Educomp, incorporated in 1994 is one of India’s leading Education Companies and the only company spread across the entire education ecosystem. From schools to skills; over last two decades, Educomp group has empowered over 30 million learners and educators across over 65,000 schools to imagine, think and create a better future.
Mr. Shantanu Prakash, CMD, Educomp Solutions Ltd. tells us more….
By bringing in the technology angle, Educomp is said to have tried to revolutionize the education sector in the country. How do you assess the journey so far?
Smartclass indeed was and continues to be a revolutionary product and a game changer in the school education space. It changed the way children learnt various subjects in the classroom. In India, our current market share is over 50%. With Smartclass, our reach has been commendable as we successfully installed it across schools in metros as well as increasingly now in Tier II cities. Educomp ushered in the digital revolution in classrooms 10 years ago and today it has become an imperative for schools. In the pre-school sub-segment, our brand Little Millennium caters to over 10,000 kids through 241 establishments. Our K12 Schools under ‘The Millennium School’, ‘Takshila’ and ‘Universal Academy’ are giving different consumer segments a high quality schooling choice with their proprietary learning systems namely The Millennium Learning System and E-DAC system. The story of digital innovations continues at Educomp with the launch of a slew of new products and services like Educomp Online, English Mentor, Uniclass and SmartSchool — all designed to further enhance the teaching-learning experience for both educators and students across the spectrum as technology becomes more accessible.
How is your school business doing in light of lots of action under the K-12 segment in the last decade?
The K-12 segment is largely underpenetrated and offers good growth opportunity for the company. In the K12 segment, we act as vendors to the school run by independent trusts. Currently 45 such schools are operational. This segment is exciting since the business assures annuity type revenues, and high margins. Besides, it is recession-proof and witnesses strong demand due to rising disposable income and the parent’s willingness to pay for good education.
What kind of roadmap do you have for divesting some of your businesses?
We had invested in multiple high growth and marquee businesses in the education sector. In the current scenario, we are prepared to divest partially or even completely in some of those businesses. This will reduce our debt substantially and further strengthen our balance sheet. We have successfully divested Eurokids, India’s largest pre-school chain; sold our 50% stake in Indiacan back to Pearson,and sold Gateforum, India’s no 1 GATE coaching company, to a group of private equity investors.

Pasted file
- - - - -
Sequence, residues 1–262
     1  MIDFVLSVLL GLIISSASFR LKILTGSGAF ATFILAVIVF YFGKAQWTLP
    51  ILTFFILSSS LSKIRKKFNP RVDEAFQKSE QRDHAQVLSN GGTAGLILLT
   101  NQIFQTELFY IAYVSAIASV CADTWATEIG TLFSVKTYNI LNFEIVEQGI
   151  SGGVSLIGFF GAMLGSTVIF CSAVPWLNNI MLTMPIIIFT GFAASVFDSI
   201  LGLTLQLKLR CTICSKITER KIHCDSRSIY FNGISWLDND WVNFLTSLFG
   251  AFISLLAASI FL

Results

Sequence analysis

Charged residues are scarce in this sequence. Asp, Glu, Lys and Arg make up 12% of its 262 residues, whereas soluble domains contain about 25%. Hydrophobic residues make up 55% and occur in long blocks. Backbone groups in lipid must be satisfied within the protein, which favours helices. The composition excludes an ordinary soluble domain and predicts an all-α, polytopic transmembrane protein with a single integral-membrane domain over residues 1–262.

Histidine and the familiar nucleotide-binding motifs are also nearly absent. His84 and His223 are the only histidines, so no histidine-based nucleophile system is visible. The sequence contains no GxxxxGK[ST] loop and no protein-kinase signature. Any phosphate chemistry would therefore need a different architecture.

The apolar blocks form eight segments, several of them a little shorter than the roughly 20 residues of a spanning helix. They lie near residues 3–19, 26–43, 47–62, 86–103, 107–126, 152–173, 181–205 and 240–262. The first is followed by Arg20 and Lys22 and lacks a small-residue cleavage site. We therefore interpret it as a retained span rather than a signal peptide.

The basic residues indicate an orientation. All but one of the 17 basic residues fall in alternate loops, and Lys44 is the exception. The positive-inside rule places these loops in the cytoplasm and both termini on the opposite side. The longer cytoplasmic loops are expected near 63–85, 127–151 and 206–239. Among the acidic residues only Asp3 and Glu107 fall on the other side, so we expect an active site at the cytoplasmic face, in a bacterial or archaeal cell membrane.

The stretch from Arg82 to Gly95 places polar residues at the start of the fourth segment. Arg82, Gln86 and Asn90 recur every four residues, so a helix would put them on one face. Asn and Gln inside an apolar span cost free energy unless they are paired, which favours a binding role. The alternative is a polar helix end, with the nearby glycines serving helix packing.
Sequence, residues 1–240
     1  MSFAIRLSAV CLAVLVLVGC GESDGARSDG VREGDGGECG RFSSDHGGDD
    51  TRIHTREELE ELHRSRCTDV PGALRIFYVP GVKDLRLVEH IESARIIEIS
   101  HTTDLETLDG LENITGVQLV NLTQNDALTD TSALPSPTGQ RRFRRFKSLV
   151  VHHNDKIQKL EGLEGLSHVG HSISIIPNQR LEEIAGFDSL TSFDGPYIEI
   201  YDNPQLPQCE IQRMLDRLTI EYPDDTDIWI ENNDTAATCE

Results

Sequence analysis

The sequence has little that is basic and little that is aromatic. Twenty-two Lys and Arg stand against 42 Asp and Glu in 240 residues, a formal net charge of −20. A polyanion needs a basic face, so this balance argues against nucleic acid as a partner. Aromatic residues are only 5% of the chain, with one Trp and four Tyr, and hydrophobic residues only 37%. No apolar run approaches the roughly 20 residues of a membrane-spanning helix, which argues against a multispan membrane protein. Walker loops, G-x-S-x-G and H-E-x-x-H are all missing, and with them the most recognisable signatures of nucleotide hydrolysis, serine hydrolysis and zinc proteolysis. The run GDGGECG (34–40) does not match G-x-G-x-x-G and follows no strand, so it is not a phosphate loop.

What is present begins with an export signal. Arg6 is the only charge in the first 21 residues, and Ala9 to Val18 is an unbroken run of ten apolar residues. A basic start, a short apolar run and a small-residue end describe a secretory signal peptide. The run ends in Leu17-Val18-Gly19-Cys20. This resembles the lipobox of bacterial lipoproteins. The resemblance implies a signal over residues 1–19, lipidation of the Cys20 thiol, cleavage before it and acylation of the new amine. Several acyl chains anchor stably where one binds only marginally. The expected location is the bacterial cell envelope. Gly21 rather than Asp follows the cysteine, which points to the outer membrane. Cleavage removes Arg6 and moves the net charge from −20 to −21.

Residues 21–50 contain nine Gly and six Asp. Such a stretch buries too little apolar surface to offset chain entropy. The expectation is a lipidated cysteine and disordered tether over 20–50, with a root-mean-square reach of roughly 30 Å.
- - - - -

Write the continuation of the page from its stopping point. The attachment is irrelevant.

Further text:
In recent times, there are some other players who have entered your space. How has been the competition and what makes Educomp Solutions different from the other players that are present in the sector?
Educomp Solutions is the pioneer and the largest player in the organised education services with presence across the entire education lifecycle. We have presence in each of the segments such as multimedia content, ICT, pre-school, K12 School, professional development, higher education, online, and supplemental.
We have an early mover advantage and are market leaders in each of these areas. We believe that a wide national presence and leadership across segments is what sets us apart. Also of note is the fact that the current level of penetration in all of these segments is very low, hence the growth potential for the company is very high.
The Modi government at the Centre is working on a new National Education Policy. The HRD Ministry, headed by Smt Smriti Irani, has invited comments from public on the proposed new policy. What do you think of such steps?
We applaud the government move to set the ball rolling on a new education policy. We are happy that the rethink is happening at such a critical juncture when the country is set to witness a surging youth population, set to peak in 2020. The vision document has already factored in pressing concerns such as re-assessing government spend on education, access to quality education, innovation, research, regulation, poor ranking of our higher institutes globally and education financing. The implementation will depend on the extent of the government’s calibrated approach.
The education sector is in dire need of new thinking and introduction of some radical steps. Traditionally, in the education sector, the challenge has not been so much about knowing what to do. Rather, it is everything about having the requisite nerve and action orientation to do the needful. In this context, we hope to see visible impact in the short term. We must be mindful of our large, impatient young population and its aspirations.